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Nicknamed the “Paris of the East,” Budapest is Hungary’s thriving capital city known for its thermal baths and UNESCO World Heritage Sites. There are plenty of cultural attractions to keep your itinerary full, including Castle Hill and its medieval history to beautiful churches, classic concerts and quaint outdoor cafes. From soaking in the city’s famous baths to river cruises down the Danube, here are the best things to do in Budapest.
Start your exploration of Budapest at Castle Hill, a UNESCO World Heritage Site that dates back to the 11th century when protective walls were created to keep Mongolian attackers out. Towering over the Danube, the 18th century Buda Castle is a massive 200-room palace that houses the Hungarian National Gallery and the Budapest History Museum. Make sure to see the other iconic landmarks on Castle Hill, such as Matthias Church, to admire its beautiful architecture and learn about its historical symbolism.
Considered a quintessential Budapest experience, you can’t leave the city without soaking in its thermal baths. Heated by natural thermal springs, there are more than 100 places you can choose to unwind, but the most popular is the Széchenyi Baths in City Park. Dating back to 1913, these baths include 18 pools and look more like a Baroque palace than a medicinal bath. Enjoy the pools, sauna and steam bath, or take a few laps while admiring its grandiose architecture.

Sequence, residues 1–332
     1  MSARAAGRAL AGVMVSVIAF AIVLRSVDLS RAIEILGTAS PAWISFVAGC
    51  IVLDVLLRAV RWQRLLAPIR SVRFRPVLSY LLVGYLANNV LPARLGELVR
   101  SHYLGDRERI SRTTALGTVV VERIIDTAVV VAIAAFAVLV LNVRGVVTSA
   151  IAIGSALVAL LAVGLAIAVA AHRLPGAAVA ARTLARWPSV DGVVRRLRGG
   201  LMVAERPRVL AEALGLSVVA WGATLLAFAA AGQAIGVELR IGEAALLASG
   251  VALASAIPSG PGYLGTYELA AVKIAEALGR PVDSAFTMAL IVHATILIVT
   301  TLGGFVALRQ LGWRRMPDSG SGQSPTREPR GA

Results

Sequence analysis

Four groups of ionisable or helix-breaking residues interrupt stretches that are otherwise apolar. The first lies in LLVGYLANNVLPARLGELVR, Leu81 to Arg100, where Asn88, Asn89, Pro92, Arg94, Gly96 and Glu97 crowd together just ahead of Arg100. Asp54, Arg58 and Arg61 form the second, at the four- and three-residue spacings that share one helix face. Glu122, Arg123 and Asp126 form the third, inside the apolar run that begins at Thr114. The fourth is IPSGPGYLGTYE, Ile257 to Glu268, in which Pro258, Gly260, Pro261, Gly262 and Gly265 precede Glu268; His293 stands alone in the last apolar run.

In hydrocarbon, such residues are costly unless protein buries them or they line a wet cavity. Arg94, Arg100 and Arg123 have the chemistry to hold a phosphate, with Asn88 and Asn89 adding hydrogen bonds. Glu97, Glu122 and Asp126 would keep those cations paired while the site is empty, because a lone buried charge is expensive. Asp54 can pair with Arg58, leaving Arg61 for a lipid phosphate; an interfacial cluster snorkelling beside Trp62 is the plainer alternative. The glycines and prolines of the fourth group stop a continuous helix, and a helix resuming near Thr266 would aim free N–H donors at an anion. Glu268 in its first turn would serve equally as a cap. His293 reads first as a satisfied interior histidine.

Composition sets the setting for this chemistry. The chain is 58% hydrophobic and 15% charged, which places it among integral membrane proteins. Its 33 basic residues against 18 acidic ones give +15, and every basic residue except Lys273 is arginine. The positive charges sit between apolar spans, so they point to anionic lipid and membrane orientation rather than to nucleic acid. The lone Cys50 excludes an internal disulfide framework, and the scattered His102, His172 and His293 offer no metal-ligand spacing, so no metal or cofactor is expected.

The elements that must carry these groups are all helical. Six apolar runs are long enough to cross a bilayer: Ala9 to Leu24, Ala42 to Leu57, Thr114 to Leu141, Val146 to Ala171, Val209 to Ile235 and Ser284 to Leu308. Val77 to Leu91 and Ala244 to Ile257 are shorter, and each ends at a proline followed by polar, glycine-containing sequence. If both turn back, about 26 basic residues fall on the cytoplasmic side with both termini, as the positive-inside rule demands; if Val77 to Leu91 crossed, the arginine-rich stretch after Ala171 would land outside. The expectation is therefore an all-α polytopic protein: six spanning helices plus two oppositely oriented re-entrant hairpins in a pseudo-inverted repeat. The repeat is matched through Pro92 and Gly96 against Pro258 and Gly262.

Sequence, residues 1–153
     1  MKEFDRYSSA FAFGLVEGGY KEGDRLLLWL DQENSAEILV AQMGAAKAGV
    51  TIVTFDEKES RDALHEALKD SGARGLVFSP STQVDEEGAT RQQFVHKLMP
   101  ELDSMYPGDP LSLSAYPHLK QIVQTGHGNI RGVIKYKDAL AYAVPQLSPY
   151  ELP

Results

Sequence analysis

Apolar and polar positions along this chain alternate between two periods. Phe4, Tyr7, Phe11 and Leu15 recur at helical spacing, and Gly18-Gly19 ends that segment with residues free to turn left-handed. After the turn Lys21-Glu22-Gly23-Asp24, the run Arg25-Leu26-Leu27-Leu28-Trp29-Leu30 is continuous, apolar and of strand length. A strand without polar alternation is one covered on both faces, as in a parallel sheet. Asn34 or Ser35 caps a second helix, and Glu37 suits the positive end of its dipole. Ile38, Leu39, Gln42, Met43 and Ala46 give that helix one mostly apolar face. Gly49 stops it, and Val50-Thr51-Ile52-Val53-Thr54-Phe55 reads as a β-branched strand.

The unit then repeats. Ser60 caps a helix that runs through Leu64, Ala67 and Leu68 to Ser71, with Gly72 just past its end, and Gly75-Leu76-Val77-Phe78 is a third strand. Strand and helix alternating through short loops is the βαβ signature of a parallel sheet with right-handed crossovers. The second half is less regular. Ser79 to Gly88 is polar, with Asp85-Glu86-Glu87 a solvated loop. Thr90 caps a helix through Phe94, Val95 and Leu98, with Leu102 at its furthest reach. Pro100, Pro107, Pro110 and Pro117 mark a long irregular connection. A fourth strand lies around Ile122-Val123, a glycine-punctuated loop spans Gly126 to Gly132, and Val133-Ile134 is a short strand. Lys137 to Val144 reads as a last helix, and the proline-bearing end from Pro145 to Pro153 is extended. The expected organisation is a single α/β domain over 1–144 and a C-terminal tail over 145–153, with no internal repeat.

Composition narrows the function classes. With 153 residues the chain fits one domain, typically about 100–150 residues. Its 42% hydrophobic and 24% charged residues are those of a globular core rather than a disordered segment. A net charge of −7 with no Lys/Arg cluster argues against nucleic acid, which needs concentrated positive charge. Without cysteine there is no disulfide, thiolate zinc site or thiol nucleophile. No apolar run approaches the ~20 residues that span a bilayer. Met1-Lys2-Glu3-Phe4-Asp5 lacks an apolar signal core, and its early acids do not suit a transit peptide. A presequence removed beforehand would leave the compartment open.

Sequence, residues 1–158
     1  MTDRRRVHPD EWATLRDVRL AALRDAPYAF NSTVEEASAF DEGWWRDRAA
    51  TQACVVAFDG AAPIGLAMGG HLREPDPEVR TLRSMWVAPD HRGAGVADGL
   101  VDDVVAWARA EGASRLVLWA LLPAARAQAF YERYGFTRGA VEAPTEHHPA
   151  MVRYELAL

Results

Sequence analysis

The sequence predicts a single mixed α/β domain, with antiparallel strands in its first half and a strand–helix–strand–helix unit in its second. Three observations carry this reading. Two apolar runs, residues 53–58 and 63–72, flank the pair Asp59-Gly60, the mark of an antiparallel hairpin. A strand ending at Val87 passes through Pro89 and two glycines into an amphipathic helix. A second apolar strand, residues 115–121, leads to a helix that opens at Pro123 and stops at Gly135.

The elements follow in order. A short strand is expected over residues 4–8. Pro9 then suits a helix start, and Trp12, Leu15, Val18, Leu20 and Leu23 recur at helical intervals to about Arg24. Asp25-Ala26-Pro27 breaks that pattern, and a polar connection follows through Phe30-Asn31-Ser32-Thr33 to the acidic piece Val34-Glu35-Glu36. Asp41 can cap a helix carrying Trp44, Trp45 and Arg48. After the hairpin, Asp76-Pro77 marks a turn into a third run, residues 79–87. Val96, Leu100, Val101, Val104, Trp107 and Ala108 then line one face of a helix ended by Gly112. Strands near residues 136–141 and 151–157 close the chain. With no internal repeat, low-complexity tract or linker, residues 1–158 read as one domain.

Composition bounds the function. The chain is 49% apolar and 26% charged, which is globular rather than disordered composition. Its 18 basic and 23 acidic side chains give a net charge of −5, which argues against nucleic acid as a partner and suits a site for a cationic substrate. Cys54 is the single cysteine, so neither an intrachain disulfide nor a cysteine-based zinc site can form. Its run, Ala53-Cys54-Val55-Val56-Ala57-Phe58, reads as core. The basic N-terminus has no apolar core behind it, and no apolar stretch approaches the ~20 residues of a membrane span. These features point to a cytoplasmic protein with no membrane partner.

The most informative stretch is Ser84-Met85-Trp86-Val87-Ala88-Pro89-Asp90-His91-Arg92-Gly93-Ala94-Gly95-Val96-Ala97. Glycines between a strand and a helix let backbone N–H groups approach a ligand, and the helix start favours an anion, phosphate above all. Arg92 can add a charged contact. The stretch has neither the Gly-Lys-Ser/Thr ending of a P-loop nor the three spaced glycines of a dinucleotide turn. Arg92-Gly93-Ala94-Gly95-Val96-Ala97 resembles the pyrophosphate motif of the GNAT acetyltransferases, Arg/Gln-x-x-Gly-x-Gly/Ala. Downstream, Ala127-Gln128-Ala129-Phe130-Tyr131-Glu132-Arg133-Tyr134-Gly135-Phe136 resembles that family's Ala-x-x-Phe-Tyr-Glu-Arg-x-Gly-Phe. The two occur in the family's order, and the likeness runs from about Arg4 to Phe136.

An excellent activity for both day and night, seeing Budapest’s beauty unfold before you on a river cruise is particularly spectacular. Embark on a cruise and learn interesting facts about the history of the city, the buildings and cruise past some of the most iconic landmarks. You can take a day trip that includes a stroll through Margaret Island, while more romantic buffet-style dinner cruises are also available. Evenings on the water are absolutely stunning, as the city is illuminated against the reflection of the Danube.
Dating back to 1884, the Budapest Opera House is considered a cultural institution in Budapest. The Neo-Renaissance style venue has a reputation for its excellent acoustics, best appreciated at a live show. If you can’t attend one, however, visit the venue to admire its opulent architectural details that include marble columns, gilded vaulted ceilings, bronze chandeliers and beautiful murals and frescoes that depict Greek mythology. One of the best opera houses in the world, it is well worth taking a tour.
One of Budapest’s most famous landmarks, the Parliament Building is known for its Gothic Revival architecture, beautiful statues and paintings. Serving as a symbol of the country’s independence, take a 45-minute tour of its interior to learn about its 691 rooms and impressive 11 miles of corridors and stairs. Whenever the National Assembly is not in session, you can see one of its lobbies, the old House of Lords and the Hungarian Crown Jewels.